PGA and Senior PGA Tour long hitter Bob Boldt redesigned the 1999 course in 2003 and remains on site to give lessons and go along on the wine-tour-and-golf package offered by the Vintner’s. The Lakeside Grill patio beckons for a leisurely, stomach-fortifying lunch.

Now, for the reason you’re playing only nine. Exchange the spikes for sneaks and embark on a “downtown” Yountville wine crawl.

Start at Priest-Ranch, where the decor is Western-chic decor, the vibe is cool, and comfy couches beckon. Now re-energize with the Wine Pairing ($45). Grenache Blanc pairs with Mt Tam Triple Cream, Syrah and aged Gouda while Coach Gun teams up with Vela Dry Jack. A wonderful finale of Petite Sirah coupled with Sea Salt Dark Chocolate completes the experience.

Mosey on down the street to Hill Family Estate, where Fender guitars, antique furniture and framed jerseys of professional sports athletes create an eclectic scene, and sip on the $20 bar tasting of whites, reds, blends and dessert selections.

End the day in style at the fashionable Hestan Vineyards Tasting Salon and Showroom just a few steps away. Stanley and Helen Cheng offer their winery’s limited production wines as well as Ruffoni Italian gourmet cookware from Stanley’s global company. Seating is limited but tasting at the upscale bar is a treat.

Nap time.

–Susan Fornoff and Cheryl Stotler

Chardonnay Golf Club and Cuvaison (Napa)

Image of Chardonnay, Napa Valley golf courseThe local rule you’ll want to know before you tee off at Chardonnay Golf Club: Vineyards are “environmentally sensitive areas,” to be played as lateral hazards by taking a drop on the course. In other words, golf doesn’t mix with grapes. Stay out of the vineyards to be successful at Chardonnay.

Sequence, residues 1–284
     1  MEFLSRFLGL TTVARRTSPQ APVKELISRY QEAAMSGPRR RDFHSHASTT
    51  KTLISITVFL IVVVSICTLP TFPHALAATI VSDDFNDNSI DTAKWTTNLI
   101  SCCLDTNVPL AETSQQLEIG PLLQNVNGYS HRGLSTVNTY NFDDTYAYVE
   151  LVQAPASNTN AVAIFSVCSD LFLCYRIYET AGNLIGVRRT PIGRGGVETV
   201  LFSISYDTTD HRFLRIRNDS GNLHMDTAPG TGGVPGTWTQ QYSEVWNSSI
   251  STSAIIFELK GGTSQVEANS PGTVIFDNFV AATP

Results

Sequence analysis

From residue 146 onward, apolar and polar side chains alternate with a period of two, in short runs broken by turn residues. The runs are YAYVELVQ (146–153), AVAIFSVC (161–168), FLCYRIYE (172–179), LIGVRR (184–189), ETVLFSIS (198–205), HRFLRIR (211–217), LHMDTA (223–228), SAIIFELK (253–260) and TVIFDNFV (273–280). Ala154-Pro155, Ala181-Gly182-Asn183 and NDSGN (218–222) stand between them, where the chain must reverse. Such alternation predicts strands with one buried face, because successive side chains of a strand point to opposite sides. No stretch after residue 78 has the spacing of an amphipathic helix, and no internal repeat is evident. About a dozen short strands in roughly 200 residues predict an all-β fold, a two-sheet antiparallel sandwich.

Originally a 36-hole public-private setup, Chardonnay now offers 18 holes on a semi-private plan, with members getting preferential rates and tee times. Practice facilities are exceptional, with a grass driving range, regularly scheduled schools, and spacious short game area.

Choose a friendly tee option among the five (shortest: 5,219), because the course features six par 5s. They are offset by six par 3s, but you won’t remember those when you are slogging through a 500-yard trek to a fast green with subtle breaks.

Do try to enjoy the views as you go. Miles of vineyards and a big skyline make for great wildlife and bird watching.

Once you’ve played Chardonnay, it seems logical to taste some. Fortunately, just a short chip shot from the course lies Carneros, the distinctive cool-climate appellation where the best Napa Valley and Sonoma Chardonnays are produced.

Where to play this 19th hole? For a leaderboard Chardonnay, head over to Cuvaison Estate Wines, across the road from Domaine Carneros up Duhig road.

A reservation is recommended to visit the small, modern tasting room with impressive architecture that features large glass doors with phenomenal views. Outdoor seated tastings are also offered on the hilltop patio surrounded by vineyards.

Cuvaison crafts three stunning Chardonnay wines: The 2012 Estate with pronounced stone fruit flavors is bright and refreshing and overdelivers at $25 a bottle. Elegant yet ample-bodied, the 2013 Kite Tail Chardonnay ($44) exemplifies the exceptional vintage and the 2013 ATS ($56) is complex and rich with a long, remarkable finish.

The Flight of Four wines is $20, or nosh on a trio of Estate Series wines expertly paired with artisanal cheeses for $35. Plan to linger awhile with the friendly staff and comfortable, relaxing surroundings.
Or, especially if you have a hole-in-one to celebrate with bubbly, add a stop at Domaine Carneros.

–Susan Fornoff and Cheryl Stotler